three statements, half hour points of order and your debate goes
down to four and a half hours. It is a bit hard to say, "No,
we do not want to hear." My memory goes back to Enoch Powell
objecting to a statement because he regarded it as trivial. He
is the only member I have ever heard say that. On the media point,
the change in hours changes all that and the world is different
(Mr Brazier) Our general view was that there should
be more rather than fewer statements, so we did not consider that
72. Do you agree with Peter Riddell that if
there are going to be more statements, when you have a second
reading on that particular day, there should be a minimum time
for the second reading?
(Mr Brazier) Yes, I think that is probably very important.
Sometimes if we have two or three statements together, which I
have seen in the past, it can eat into the time.
73. How would that be achieved?
(Mr Brazier) The Commission did say that there should
be a business committee or a steering committee. That underpins
quite a lot of the things we have talked about.
74. We heard a little about the business committee
last week from Mark Fisher and his colleagues and I felt their
evidence was excellent. Are you prepared to add briefly, in dealing
with Desmond Swayne's question and the supplementary that I have
put, any more explanation about this business committee and how
it would operate?
(Mr Riddell) In the very early days of the devolved
parliaments, we had a very interesting visit to Scotland. They
have an effective business committee which is chaired by David
Steel. It has whips on and it also has representatives in the
Scottish Parliament and not only executive parties but one or
two individuals. There is weighted voting there but it ensures
transparency. It is an antidote to the usual channels. The executive
parties on the whole get their way but they have to argue it.
What was suggested by Mark Fisher and his colleagues last week
was something with just back benchers on. In practice, you would
have to have a kind of hybrid committee because I cannot see the
whips not being involved in some time allocation. You have a mixture,
rather like the House of Commons Commission, of back benchers
and so on and it becomes a transparent committee. The minutes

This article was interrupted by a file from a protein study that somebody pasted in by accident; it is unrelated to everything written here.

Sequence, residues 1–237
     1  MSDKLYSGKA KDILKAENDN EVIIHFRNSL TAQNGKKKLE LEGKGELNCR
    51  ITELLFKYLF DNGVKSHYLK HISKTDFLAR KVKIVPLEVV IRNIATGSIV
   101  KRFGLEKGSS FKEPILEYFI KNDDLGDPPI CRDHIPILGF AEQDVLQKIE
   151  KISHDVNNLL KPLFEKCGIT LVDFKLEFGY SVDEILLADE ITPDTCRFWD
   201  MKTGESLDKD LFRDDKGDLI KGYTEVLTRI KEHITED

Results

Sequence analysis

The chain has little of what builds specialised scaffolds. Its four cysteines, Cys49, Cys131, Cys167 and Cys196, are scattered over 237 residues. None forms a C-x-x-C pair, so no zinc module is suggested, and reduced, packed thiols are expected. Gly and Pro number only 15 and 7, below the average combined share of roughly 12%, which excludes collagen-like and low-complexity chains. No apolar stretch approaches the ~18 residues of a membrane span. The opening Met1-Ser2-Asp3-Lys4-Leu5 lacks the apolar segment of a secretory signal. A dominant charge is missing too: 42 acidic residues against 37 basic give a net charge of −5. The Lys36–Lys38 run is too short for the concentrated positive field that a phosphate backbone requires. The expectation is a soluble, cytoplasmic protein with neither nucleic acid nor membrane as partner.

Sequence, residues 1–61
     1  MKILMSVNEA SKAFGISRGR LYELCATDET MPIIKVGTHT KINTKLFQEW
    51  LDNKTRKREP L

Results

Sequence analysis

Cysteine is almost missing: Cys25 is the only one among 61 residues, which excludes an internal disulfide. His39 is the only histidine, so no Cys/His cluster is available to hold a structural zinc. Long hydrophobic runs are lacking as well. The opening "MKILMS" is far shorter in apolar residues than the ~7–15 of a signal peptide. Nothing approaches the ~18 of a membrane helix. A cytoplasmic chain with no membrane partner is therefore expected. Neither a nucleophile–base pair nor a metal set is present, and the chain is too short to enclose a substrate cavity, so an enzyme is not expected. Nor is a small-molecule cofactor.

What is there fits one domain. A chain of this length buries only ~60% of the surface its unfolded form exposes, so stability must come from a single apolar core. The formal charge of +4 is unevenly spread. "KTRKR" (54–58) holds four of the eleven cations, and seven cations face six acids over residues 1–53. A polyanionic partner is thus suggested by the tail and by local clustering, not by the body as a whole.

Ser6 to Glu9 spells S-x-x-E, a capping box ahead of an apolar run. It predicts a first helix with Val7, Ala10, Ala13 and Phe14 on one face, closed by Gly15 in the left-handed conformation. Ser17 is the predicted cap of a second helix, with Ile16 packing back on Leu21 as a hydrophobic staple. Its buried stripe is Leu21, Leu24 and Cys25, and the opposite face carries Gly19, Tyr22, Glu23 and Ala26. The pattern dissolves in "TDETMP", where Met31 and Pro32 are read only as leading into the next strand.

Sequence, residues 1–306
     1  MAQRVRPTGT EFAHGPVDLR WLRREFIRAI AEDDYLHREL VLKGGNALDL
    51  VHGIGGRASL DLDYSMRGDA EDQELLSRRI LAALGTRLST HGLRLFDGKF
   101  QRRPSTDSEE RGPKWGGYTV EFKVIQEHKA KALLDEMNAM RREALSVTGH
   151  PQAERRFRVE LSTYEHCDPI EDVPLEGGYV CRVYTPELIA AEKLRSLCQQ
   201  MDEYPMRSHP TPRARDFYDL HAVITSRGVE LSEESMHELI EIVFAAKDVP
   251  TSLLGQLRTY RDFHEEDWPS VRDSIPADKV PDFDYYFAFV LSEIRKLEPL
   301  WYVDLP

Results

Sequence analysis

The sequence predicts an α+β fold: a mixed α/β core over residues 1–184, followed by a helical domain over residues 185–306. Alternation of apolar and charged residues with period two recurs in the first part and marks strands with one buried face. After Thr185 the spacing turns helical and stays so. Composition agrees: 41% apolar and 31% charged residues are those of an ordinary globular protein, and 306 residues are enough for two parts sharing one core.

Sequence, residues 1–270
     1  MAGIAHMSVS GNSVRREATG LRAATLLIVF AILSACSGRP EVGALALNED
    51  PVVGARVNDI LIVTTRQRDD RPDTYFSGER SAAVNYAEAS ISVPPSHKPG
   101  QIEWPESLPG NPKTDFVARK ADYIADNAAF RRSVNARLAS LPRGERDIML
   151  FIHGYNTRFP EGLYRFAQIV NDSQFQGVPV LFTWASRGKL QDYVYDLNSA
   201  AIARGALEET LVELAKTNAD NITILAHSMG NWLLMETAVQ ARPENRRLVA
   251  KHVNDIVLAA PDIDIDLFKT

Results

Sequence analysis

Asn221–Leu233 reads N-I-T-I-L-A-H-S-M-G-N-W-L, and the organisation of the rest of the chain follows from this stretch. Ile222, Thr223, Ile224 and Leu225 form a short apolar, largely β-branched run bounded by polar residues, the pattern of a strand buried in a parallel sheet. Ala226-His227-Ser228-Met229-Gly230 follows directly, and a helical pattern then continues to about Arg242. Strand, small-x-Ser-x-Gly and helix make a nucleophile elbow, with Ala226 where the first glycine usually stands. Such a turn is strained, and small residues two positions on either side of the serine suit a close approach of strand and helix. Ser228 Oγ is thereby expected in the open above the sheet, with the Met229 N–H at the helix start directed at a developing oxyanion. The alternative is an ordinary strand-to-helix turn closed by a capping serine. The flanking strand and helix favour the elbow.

are published and so on. We know what is happening. Transparency
is a great virtue because some things people are prepared to do
behind the scenes they find it a damned sight more difficult to
do if they have to justify them publicly. They can still do things
which we do not like but they have to justify them. In terms of
deciding on length of debates and things like that, you have to
be more open. It does not mean the government would not get its
way a lot of the time, but you have to argue the case. On minimum
debates, it would not be from, say, 12.30 to seven but you would
say that second reading debate has to last at least five hours
or something like that to give you a bit of flexibility. On the
business committee point, the main virtue we saw in that was transparency
plus representation of back benchers.
Mr Swayne: One of the more bizarre suggestions
for protecting the legislative business or the main debate was
the Opposition proposal that the House should meet at 9.30, have
the morning given over to statements, questions and short, sharp
exchanges, break for lunch and come back with the afternoon's
business being the legislative programme or the main debate.
75. Early day motions are unfortunately an impotent
procedure and they are sometimes called the graffiti of politics.
We have talked a little about trigger mechanisms but how would
you trigger or find a threshold for something like the early day
motion to precipitate a debate and how would you draw proportionately
from the parties so as to ensure that the procedure is not abused?
(Mr Brazier) In the Commission, we suggested somewhere
between 150 and 200 members drawn proportionally from the House
as a whole, across the parties, should be enough to trigger a
public interest debate. The examples we used were the Child Support
Agency and the Passport Agency, both of which had massive impacts
on MPs' caseloads but took quite a while before they ended up
going through the parliamentary agenda. We felt they were good
examples of something that MPs across the parties would have said
were issues that needed to be debated now. They probably would
have got a debate through that mechanism. It would be the early
day motion becoming a trigger for a debate. That would give it
some sort of meaning and purpose. We did not come to a definitive
number. We thought roughly between 150 and 200.
76. Roughly 25% of Members of Parliament?
(Mr Brazier) Assuming the payroll vote were taken
77. 25% across the three main parties?
(Mr Brazier) Yes.
78. What about the Nationalists?
(Mr Brazier) It was as a whole.
(Mr Riddell) This is where you want a business committee
as an intermediating body. I am sceptical of mechanistic solutions
on this. There has to be a bit more discretion. Perhaps there
should be guidelines for a business committee rather than an absolute
insistence. I am slightly sceptical on just totting up the numbers
on an EDM. It ought to be an indicative thing to be taken into
79. What other indicative factors should be
taken into account?
(Mr Riddell) Topicality, seriousness and so on.